"Just Say No"
What You Need To Know:
ALMOST HEROES is an alleged comedy about two unknown, incompetent explorers trying to beat the famous Lewis and Clarke to the Pacific Ocean in 1804. Starring Chris Farley and Matthew Perry, it's a crude, idiotic movie filled with hedonistic characters, with little or no redeeming moral value.
(PaPa, B, LL, V, S, N, AA, M) Moderately pagan worldview with juvenile sexual humor & a couple minor moral elements; 10 obscenities, two profanities & six vulgarities or crudities; mild action violence & pratfalls including man biting another man's ear off while out of sight & bear attack; juvenile references to prostitution & masturbation & indication that Frenchman has bought woman as sex slave without benefit of marriage; scenes of drunkenness used for humor; and, lying & kidnapping.
One of the oldest traditions of film comedy is the concept of the individual trying to cope within society. Charlie Chaplin operated in this tradition, as did Buster Keaton, Lucille Ball, W.C. Fields, Bob Hope, the underrated Harold Lloyd, and countless others. You can see this same tradition in TV situation comedies, from the aforementioned Miss Ball to Jackie Gleason’s Ralph Kramden and the characters from SEINFELD. In this tradition, each actor supplies his own persona. The comedy usually comes in the way that the persona deals with the unique challenges he or she faces. For instance, Ralph Kramden is often trying to get rich so he can support his wife Alice, while Lucy is often coming up with some harebrained scheme to gain attention. If successful, that persona becomes instantly recognizable. That doesn’t mean the persona is funny, however.
That was just the problem with the career of the late Chris Farley, who launched his career by playing a boisterous, awkward fat man on Saturday Night Live. Farley was able to create a highly recognizable persona, but the persona was not very funny. Mindless repetition and lack of sustained creativity in the challenges he faced made many of his skits and films fall flat. He never seemed to know how to build his comedy to a funny, much less hilarious, climax. Farley’s new film ALMOST HEROES, finished before he died, is not an exception to that rule. It is filled with stupid sight gags and dumb jokes, many of which include crude or foul language and center around vulgar topics such as masturbation or voyeurism. Often, there is no sustained buildup to the joke. When there is, the punch line or sight gag is unworthy of the buildup either because it is so thin or because it is so obvious.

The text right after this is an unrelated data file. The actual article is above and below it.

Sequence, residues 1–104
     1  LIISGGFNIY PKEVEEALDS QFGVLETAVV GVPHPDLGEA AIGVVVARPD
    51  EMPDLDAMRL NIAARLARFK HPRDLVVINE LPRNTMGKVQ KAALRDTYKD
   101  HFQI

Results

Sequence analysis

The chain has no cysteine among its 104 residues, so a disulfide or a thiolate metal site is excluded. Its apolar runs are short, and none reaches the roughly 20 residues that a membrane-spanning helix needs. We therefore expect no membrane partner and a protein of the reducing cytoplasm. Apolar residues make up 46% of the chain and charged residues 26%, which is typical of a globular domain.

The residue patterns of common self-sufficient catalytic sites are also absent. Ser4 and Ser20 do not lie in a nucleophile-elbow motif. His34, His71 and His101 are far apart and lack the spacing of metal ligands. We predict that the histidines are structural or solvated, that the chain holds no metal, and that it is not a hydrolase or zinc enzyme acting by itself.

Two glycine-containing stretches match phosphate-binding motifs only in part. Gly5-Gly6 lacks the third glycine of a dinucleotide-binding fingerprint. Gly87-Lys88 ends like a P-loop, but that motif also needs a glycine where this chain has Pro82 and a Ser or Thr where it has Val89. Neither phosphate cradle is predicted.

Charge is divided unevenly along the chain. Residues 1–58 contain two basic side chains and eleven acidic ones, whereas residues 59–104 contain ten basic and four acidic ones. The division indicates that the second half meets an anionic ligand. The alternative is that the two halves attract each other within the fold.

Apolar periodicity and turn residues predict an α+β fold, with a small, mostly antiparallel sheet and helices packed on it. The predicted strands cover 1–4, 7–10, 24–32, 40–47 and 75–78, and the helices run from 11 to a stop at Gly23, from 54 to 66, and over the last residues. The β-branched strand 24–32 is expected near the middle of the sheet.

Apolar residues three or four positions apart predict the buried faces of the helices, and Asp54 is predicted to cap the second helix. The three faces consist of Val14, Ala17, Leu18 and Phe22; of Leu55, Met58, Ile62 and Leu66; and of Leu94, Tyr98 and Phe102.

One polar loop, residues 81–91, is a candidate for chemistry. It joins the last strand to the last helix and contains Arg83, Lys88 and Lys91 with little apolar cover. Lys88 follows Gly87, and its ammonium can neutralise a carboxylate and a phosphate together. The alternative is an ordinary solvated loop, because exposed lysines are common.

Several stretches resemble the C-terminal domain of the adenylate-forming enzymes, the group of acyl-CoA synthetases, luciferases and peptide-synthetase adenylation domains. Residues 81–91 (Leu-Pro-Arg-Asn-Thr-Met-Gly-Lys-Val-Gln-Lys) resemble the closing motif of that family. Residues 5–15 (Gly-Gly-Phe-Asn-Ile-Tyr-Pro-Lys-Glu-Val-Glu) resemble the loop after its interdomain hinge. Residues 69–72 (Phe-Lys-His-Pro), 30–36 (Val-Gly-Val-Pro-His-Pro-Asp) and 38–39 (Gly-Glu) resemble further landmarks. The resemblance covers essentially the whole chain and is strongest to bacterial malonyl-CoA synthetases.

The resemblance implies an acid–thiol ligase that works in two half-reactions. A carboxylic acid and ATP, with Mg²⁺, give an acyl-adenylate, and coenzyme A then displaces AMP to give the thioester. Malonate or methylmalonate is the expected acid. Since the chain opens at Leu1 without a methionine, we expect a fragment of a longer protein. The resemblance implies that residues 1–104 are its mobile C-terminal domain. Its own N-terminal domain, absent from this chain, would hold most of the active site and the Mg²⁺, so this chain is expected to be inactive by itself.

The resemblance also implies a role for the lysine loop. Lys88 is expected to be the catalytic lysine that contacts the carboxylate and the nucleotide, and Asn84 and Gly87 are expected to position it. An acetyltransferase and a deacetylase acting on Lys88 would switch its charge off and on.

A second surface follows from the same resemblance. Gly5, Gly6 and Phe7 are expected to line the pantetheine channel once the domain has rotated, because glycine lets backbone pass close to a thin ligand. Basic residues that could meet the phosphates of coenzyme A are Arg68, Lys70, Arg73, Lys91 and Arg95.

ALMOST HEROES is set in 1804. Farley plays Bartholomew Hunt, a veteran tracker whose expertise is more legend than reality. Matthew Perry stars as Leslie Edwards, a vain blowhard who asks Hunt to lead a bickering and bumbling crew of misfits and miscreants to beat the famous explorers Lewis and Clark to the Pacific Ocean. The strange group faces bears, rapids, sickness, a crazed Spanish explorer named Hidalgo, and their own stupidity. At one point, Hunt challenges Hidalgo and his men to a drinking contest. At another point, he has to search for an eagle’s egg so that the Indian maiden accompanying the group can create a medicine to cure Edwards’ fever. In between these two lame sequences are idiotic jokes about sheep dung, masturbation and the alleged owner of a house of prostitution that is filled only with ragdolls stuffed with straw.
Making a bad situation worse, there are no strong moral lessons in ALMOST HEROES, unlike Farley’s first and most successful film with David Spade, TOMMY BOY. Neither Hunt nor Edwards are particularly likable characters. They risk their lives to save each other’s life during the movie, but there’s no real chemistry between them in the script to make an audience care. ALMOST HEROES is not an almost failure, it is an absolute failure. Just say no to this one.